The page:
History of us
This area was long inhabited by various Indian tribes. By the Treaty of 1773 it was part of a large tract surrendered by the Creeks and Cherokees to the colony of Georgia. Four years later, that land became Wilkes County. In 1793, Oglethorpe County was created out of the western portion of Wilkes and named in honor of the great English philanthropist, Gen. James Edward Oglethorpe, founder of the Georgia colony only sixty years before.
With only traders and trappers, there were no permanent settlements in what would become Oglethorpe County until 1774, when a small band of families from North Carolina located on Long Creek, near the present site of Lexington. Extensive settlement of the new lands had been delayed by the Revolutionary War, but by 1784, bounty grants and other incentives offered by the State produced a rapid tide of immigrants into all the open lands.
Many of the newcomers had been tobacco planters in Virginia and North Carolina. They found the area well suited to the production of tobacco, although, as a cash crop, it was quickly superseded by cotton after the invention of the cotton gin in 1793. Some of the settlers from Virginia and North Carolina were distinguished men and women of influence and wealth, who could be considered part of the old aristocracy. They were noted for their culture, education, integrity, and leadership. They and their descendants played important and influential roles in the development of Oglethorpe County, Georgia, and the nation.
For almost half a century after its establishment, Oglethorpe County was a leader in the political, social, and economic life of the state. Because Oglethorpe County's history includes so many important institutions and men of prominence in the state and nation, it has been called the "Mother of Statesmen." Oglethorpe County has furnished three governors of Georgia and two of Alabama, a member of the United States Cabinet, several United States Senators and Congressmen, many State Senators and Representatives and numerous judges, educators, and religious leaders.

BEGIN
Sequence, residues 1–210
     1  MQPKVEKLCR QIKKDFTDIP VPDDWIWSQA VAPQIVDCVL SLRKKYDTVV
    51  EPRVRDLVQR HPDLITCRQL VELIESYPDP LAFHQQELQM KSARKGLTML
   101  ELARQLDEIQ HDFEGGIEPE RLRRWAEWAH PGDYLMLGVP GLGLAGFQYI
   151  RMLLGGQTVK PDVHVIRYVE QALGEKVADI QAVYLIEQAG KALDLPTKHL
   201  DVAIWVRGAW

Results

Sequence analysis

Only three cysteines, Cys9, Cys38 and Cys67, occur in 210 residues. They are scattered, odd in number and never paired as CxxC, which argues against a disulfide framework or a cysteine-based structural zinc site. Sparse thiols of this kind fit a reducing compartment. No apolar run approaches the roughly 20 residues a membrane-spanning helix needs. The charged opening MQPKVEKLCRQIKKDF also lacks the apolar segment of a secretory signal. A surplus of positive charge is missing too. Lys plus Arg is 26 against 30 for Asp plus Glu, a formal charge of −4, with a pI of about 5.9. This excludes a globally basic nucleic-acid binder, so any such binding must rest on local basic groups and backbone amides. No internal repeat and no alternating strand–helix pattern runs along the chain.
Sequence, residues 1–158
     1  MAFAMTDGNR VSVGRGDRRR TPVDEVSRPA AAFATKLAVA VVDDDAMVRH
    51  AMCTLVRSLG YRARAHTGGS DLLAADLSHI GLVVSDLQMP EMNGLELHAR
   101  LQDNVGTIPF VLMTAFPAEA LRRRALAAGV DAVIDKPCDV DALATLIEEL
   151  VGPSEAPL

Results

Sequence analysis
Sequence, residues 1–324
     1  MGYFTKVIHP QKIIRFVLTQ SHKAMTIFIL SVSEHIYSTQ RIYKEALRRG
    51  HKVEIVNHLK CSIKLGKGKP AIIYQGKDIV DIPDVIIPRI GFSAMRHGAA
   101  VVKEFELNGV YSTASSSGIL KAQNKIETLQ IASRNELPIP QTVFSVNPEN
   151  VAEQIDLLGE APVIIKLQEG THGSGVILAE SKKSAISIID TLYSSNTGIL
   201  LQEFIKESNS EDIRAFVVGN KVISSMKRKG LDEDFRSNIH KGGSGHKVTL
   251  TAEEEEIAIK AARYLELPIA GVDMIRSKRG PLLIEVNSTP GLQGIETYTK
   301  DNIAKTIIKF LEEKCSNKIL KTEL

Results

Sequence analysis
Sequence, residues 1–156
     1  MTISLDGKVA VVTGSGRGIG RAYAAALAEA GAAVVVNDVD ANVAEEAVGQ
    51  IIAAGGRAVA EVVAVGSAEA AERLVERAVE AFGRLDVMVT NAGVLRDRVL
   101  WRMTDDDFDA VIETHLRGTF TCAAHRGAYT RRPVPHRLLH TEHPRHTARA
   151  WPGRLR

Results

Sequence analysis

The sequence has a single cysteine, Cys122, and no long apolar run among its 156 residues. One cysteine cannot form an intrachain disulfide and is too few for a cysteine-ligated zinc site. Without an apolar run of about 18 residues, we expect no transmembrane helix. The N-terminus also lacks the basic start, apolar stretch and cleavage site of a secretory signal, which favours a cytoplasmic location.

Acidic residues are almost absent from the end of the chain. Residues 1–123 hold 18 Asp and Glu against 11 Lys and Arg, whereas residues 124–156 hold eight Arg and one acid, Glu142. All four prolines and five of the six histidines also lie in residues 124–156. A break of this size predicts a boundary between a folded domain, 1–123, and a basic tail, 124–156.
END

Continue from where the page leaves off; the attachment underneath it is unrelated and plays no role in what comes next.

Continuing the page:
Completed in 1841, the Athens-Augusta Railroad (later the Georgia Railroad) was the first railroad in Georgia and only the third constructed in the United States. Many of Oglethorpe's towns, including Arnoldsville, Crawford, Maxeys, Hutchins, Stephens, and Dunlap, prospered around the early railroad depots.
The War Between the States (1861-1865) disrupted the agriculture and economy of the South. Oglethorpe County sent four companies of soldiers to fight - the Gilmer Blues, the Oglethorpe Rifles, the T.R.R. Cobb Infantry, and the Echols Artillery. In all, 766 men from Oglethorpe County, almost three-fourths of the adult white male population, fought in the War. Recovery after the War was slow. The old plantation system was soon replaced by tenant farming. The majority of freed slaves in the county remained on the plantations, working for wages or sharecropping. Widespread poverty gave rise to the crop-lien mortgage system which trapped land-poor farmers and tenants in an all-cotton program and an unending cycle of poverty and debt. Many Oglethorpe County residents migrated to the west.
The economy and population rebounded in the 1880s-90s. New industries began to develop, and as prices rose, cotton once again became king. About that time gold was discovered in the Flatwoods section of southeastern Oglethorpe County. A gold rush ensued. A number of gold mines were opened and foreign capitalists flocked to the county. These mines failed to produce gold in sufficient quantities, and they were eventually abandoned.
The period during the late nineteenth and early twentieth centuries was a time of great prosperity for Oglethorpe County. In 1920, the population reached an all-time high of 20,287. Then, economic and agricultural disaster struck. Cotton prices plummeted and remained low for the next twenty years. Devastating droughts and boll weevil infestations hit in the 1920s, followed by the Great Depression of the early 1930s. It was an onslaught that permanently altered agriculture and the way of life in the county. Cotton farming was abandoned and Oglethorpe County lost over half its population in a flight to the cities that continued unabated for the next forty years. Agricultural diversification and general economic development in the region have reversed the trend and Oglethorpe County is once again growing.
Content Contributed By:
Beverly K. Montgomery and Historic Oglethorpe, Inc.